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Publication numberUS2818562 A
Publication typeGrant
Publication dateDec 31, 1957
Filing dateApr 23, 1953
Priority dateApr 23, 1953
Publication numberUS 2818562 A, US 2818562A, US-A-2818562, US2818562 A, US2818562A
InventorsPhilip S Carter
Original AssigneePhilip S Carter
Export CitationBiBTeX, EndNote, RefMan
External Links: USPTO, USPTO Assignment, Espacenet
Loop antennas for television signals
US 2818562 A
Abstract  available in
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Claims  available in
Description  (OCR text may contain errors)

Dec. 31, 1957 'Filed April 25, 1953 P. s. CARTER 2,818,562

LOOP ANTENNAS FOR TELEVISION SIGNALS 2 Sheets-Sheet l ATTORNEY Dec. 31, 1957 R18. CARTER 2,818,562

LOOP ANTENNAS F OR TELEVISION SIGNALS Filed April 23,1953 2 Sheets-Sheet 2 f a; A I v 5/ ml) w l if i Pym Re) 2 4 Q L09? ANTENNAS FOR TELEVISION SIGNALS Philip S. Carter, Port Jelferson, N. Y., assignor, by mesne assignments, to the United States of America as represented by the Secretary of the Army Application April 23, 1953, Serial No. 350,616

16 Claims. 1 (Cl. 343-742) The invention relates to ultra short wave antennas and, more particularly, to loop antennas having dimensions large in terms of the operating wavelength.

This application is a continuation-in-part of U. S. patent application Serial No. 273,041, filed February 23, 1952, now Patent No. 2,785,396, in turn, a division of U. S. patent application Serial No. 639,998, filed January 9, 1946, now U. S. Patent 2,615,134, issued October 21, 1952.

Various types of antennas have been proposed for radiation and reception of television program signals. The omnidirectional antenna is, of course, preferred for transmitting, i. e., broadcasting, signals and, in general, a highly directional antenna heretofore has been required for receiving the broadcast signals. The presently available omnidirectional receiving antenna has the decided disadvantage that a time consuming orientation procedure must be gone through at every installation. This orientation procedure is expensive because it consumes time and requires highly skilled personnel. Furthermore, with the allocation of more and more frequency channels for television broadcasting, it is desirable that each receiver be able to receive TV programs from more than a few directions.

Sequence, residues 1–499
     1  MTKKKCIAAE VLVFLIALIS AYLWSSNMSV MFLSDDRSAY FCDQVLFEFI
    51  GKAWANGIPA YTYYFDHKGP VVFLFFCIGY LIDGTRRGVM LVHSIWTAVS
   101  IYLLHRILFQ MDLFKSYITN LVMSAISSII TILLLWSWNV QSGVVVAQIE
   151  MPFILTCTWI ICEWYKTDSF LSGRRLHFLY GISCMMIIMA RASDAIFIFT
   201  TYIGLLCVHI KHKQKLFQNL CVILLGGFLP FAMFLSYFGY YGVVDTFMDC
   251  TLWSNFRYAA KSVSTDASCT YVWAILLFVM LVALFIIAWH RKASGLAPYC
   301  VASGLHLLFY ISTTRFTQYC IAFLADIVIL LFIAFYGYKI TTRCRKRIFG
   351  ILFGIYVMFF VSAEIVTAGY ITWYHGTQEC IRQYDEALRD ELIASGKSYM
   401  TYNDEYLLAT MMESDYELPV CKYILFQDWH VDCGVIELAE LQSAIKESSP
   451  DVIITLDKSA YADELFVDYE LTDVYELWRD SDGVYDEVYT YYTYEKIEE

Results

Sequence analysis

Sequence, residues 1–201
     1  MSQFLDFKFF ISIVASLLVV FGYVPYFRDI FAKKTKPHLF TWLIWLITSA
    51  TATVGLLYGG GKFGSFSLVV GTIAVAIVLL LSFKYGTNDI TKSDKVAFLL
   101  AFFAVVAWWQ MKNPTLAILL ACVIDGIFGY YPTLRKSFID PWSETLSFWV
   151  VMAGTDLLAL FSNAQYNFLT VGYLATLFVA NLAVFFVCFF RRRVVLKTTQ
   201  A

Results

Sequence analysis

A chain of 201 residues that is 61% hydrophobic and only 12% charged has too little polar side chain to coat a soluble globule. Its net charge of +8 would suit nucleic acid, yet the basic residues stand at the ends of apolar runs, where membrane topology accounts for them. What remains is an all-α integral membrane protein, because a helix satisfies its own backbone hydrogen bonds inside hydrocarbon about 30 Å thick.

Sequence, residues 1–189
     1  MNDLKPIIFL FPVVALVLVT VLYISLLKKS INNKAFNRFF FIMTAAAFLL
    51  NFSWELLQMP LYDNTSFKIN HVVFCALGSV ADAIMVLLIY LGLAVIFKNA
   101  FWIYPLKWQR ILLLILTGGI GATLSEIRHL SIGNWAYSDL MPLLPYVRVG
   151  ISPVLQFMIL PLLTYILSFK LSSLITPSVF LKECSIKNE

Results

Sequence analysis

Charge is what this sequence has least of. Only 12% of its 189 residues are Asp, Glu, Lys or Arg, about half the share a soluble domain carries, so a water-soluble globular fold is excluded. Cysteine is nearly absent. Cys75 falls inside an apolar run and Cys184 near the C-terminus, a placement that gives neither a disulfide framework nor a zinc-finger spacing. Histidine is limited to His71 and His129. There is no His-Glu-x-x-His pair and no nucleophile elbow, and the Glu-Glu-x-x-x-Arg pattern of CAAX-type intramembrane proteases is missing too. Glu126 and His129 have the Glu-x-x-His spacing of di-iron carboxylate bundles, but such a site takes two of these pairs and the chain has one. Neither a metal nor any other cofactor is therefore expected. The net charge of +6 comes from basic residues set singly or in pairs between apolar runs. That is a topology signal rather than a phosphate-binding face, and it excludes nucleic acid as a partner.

While omnidirectional antennas are not new, there are no types of nondirectional antennas, either fixed or steerable, which are considered suitable for receiving television program signals on either the well-established very high frequency (V. H. F.) channels or the ultra high frequency (U. H. F.) channels which are now being allocated. This is mainly because the bandwidth of the presently available antennas is decidedly too narrow for the high definition signals involved. Also the impedance matching problem becomes acute with the wide range of frequencies over which reception is desired.

An object of the invention is the further improvement of the band width of antennas.

Another object of the invention is to improve the chiciency of shortwave antennas.

Still another object of the invention is the provision of an improved antenna for receiving TV programs efliciently without presenting objectionably large wind resistance.

A further object of the invention is the provision of an improved antenna which can be installed by untrained personnel in a short space of time.

Still a further object of the invention is the provision of an improved antenna having an omnidirectional radiation of field pattern for broadcasting or receiving television signals over a wide range of frequency channels.